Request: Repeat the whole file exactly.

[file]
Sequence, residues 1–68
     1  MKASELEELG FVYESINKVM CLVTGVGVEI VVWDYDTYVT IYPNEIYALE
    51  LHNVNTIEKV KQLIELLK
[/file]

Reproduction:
Sequence, residues 1–68
     1  MKASELEELG FVYESINKVM CLVTGVGVEI VVWDYDTYVT IYPNEIYALE
    51  LHNVNTIEKV KQLIELLK